According to the preferred embodiment of the present invention, the adhesive is a mixture of Sodium Silicate and an Acrylic Resin. The major suppliers of Sodium Silicate are Diamond Shamrock and Philadelphia Quartz. A variety of grades of Sodium Silicate can be used. The preferred Sodium Silicate is one that has a weight ratio Na2 O:2.92SiO2 and a solid content of about 41% by weight. A variety of Acrylic Resins can be used in the present invention, including but not limited to National Starch E 3223-9 and 6105; Amsco 4125; Western Adhesive M2247; and Rohm & Haas E-1091 and E-1612. The Amsco resin CCR 6326 is the preferred Acrylic Resin which is stabilized with anionic surfactants and has a solid content of about 46% by weight. It has been determined that a mix of about 60% resin to about 40% sodium silicate by volume produces the best results. Varying this ratio of Resin to Sodium Silicate is not outside the scope of the present invention, but best results are obtained when this ratio is maintained.

The new adhesive is then mixed with water prior to mixing it with fibers. It has been found that the best results are obtained when the new adhesive-to-water ratio is about 1.0 to 3.5 by volume, that is, about 22% adhesive and about 78% water by volume. Varying these percentages is not outside the scope and spirit of the present invention; but it has been found that best results are obtained with these percentages. Conventional agitation and mixing means can be employed to physically mix the adhesive mixture. It has been determined that the best results can be obtained by combining the water, fiber and adhesive in the following percentages, by weight: about 50% water, about 33% fiber, and about 17% adhesive mixture. It has been determined that about one pound of fiber in combination with one-fourth of a gallon of adhesive mixture works well, the preferred amounts being one pound of fiber to 0.23 gallons of adhesive mixture. Varying these percentages is not outside the scope of the present invention, but best results are obtained when these percentages are observed.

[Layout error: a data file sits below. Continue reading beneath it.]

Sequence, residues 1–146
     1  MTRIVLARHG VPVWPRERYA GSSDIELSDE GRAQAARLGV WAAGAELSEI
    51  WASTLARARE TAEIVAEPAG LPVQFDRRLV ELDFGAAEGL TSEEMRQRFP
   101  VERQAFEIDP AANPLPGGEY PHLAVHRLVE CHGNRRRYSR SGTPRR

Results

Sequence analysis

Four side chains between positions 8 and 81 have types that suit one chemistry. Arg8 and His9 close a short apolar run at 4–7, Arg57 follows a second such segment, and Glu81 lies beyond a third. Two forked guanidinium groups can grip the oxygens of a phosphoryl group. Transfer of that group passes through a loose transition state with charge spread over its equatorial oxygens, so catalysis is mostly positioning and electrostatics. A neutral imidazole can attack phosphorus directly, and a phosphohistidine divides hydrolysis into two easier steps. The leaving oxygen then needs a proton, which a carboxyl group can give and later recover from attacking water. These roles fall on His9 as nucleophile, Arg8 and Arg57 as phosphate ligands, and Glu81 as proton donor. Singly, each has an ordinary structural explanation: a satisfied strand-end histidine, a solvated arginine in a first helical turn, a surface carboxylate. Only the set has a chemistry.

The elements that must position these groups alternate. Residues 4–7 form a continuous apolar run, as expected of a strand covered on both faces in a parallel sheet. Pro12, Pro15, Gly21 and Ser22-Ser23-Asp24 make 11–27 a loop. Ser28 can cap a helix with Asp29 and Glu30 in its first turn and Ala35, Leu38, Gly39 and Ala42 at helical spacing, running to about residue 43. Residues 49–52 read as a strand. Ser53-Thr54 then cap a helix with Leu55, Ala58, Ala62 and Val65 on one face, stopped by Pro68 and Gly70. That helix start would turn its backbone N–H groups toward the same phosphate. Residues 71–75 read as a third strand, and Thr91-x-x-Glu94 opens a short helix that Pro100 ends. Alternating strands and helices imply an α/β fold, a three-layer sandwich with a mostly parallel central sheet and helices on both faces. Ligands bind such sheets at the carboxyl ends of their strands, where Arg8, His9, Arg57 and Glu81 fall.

Application is accomplished by providing a container for mixing together the adhesive components, Sodium Silicate and Acrylic Resin. Then the adhesive is mixed with water, fiber is added, and the resulting water-adhesive-fiber mixture is introduced into an application apparatus such as a spray apparatus for spraying material onto an object. With certain types of application apparatuses the water-adhesive mixture is not pre-mixed with the fiber, but the water-adhesive mixture is introduced through one line and the fiber is introduced through another line.